Wednesday, March 31, 2010

Blog Appreciation Day, or, ‘I love This Writer’

This is a new feature I’m adopting for my blog. The blogging community is filled with inspiration, wonder, education, and talented people, and like a nest building bower bird I collect the pretty blue things.

Brenna Yovanoff is a YA author who posts short stories here. Her writing is mysterious and seductive, and I've learnt more about writing from her and her critique partners than any other source. She likes terrifying teens, was raised by gypsies, sews her own clothes, and I suspect she’s Dean Koontz’s love child (everyone knows I'm kidding right?). She also has a soon to be released pretty blue thing here.


I guess I need a disclaimer now: Brenna has not traded her grandmother’s jewelry, bribed me, knitted me a jumper, or kidnapped my cat, but she has earned my respect.

I’m sharing this story because Brenna has captured the emotion that surrounds a spirit who has not gone into the light. Every emotion is amplified. The no-light is a lonely wilderness with sanctuary tantalizingly close. Sprits ache with longing, but they cannot identify what they long for. Imagine breathing in, and then not being able to exhale for eternity. You dream, but you cannot sleep. All your senses have been turned off, but you are still aware of everything, suspended in no-time.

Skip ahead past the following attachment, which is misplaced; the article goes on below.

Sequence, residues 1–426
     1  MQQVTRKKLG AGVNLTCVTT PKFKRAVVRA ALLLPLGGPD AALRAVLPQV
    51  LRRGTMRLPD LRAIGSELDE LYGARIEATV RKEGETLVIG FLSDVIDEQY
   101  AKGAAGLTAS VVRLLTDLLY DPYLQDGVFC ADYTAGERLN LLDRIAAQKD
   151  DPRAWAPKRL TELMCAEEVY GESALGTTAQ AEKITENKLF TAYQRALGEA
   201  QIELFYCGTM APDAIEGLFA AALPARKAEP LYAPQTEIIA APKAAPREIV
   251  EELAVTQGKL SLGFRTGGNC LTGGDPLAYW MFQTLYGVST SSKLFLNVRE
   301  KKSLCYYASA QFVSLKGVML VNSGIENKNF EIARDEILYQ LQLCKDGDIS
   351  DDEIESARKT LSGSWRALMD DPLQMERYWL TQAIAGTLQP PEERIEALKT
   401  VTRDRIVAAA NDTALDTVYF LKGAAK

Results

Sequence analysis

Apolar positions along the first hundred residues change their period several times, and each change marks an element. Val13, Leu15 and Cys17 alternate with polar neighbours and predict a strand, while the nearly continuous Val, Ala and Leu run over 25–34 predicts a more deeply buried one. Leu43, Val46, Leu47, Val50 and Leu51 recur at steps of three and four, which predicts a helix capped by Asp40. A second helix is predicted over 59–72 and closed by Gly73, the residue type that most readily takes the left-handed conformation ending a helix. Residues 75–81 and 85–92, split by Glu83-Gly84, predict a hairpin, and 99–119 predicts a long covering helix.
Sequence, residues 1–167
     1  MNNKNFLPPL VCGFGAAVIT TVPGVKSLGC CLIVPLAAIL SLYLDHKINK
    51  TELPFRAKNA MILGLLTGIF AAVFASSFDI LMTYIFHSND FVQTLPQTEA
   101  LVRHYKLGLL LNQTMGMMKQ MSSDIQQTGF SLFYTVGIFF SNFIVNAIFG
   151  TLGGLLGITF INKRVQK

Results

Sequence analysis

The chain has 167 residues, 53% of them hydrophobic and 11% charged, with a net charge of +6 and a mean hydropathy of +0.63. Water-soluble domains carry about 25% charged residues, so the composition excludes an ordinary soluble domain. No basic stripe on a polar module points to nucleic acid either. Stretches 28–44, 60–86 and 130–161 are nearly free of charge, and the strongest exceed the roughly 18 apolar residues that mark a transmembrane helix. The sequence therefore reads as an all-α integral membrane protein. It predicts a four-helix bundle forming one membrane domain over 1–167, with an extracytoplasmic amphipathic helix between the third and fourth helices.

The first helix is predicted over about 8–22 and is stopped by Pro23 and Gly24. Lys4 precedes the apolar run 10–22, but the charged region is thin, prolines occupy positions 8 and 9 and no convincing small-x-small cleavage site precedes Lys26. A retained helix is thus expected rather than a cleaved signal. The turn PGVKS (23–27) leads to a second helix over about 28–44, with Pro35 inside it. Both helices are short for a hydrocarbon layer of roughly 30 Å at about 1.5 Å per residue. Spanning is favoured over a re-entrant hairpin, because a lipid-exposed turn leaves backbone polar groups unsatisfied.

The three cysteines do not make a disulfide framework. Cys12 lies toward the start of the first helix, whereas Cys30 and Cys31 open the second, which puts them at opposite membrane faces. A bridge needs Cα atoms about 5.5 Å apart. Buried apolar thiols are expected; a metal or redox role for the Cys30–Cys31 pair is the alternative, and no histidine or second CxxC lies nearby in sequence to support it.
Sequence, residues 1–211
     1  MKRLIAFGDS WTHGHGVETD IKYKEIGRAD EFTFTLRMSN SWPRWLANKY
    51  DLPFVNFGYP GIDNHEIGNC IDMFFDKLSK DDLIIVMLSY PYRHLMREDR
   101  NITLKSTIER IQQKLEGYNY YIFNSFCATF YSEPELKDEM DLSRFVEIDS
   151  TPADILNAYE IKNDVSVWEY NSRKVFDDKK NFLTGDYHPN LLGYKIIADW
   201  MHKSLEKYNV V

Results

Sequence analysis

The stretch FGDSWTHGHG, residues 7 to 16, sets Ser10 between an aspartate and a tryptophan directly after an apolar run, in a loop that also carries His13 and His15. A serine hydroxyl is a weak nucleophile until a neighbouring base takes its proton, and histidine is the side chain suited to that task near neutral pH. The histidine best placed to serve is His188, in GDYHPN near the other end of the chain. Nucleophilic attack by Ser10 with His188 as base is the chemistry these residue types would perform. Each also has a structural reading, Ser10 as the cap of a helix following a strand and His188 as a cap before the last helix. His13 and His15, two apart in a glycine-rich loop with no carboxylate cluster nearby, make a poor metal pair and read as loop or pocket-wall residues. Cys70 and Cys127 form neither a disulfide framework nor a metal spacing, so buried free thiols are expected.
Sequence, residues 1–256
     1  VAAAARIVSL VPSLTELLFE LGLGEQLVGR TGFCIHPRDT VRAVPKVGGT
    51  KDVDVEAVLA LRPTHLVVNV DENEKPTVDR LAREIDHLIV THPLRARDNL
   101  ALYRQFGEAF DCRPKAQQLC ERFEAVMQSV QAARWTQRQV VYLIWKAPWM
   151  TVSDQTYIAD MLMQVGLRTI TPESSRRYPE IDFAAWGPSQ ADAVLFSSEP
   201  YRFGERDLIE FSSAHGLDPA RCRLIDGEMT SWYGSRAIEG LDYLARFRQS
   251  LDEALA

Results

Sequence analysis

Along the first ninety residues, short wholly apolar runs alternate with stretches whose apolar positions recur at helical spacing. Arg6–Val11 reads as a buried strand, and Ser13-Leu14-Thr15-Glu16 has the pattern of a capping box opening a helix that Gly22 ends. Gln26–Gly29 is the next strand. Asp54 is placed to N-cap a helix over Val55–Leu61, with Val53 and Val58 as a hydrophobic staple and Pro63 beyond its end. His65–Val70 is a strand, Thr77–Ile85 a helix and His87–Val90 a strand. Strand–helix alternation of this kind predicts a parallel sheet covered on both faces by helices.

Fiction by Brenna: Neighbors

It takes forever for the house next door to sell. Poor For Sale Sign, rickety and crooked, like it's been leaning there all summer, all year, all my life.

The real estate agent blames the lack of interest—no, the entire state of the housing market—on our yard. She leaves a note taped to our front door, saying that no decent family would move in next to a disaster like ours, that the lawn is an eyesore. And it kind of is. I want to tell my dad to get off his ass, crawl out of the bottle and pull-start that mower, but at the same time, I don't want to tell him anything. It's easier, just walking past the mess like it doesn't even exist.

And the house does sell, despite the condition of our yard. I lie out in the weedy grass and watch the people come and go, first the movers and then the family. Their son looks my age, maybe a year or two older. He's tall and dark-haired, with great shoulders and long, graceful hands. He's always texting—never even looks up or turns around, but I don't need to know the color of his eyes to tell that he's delicious. I watch from over the fence, hopeful and terrified that at any moment, he'll turn and see me there. ( continue reading here )

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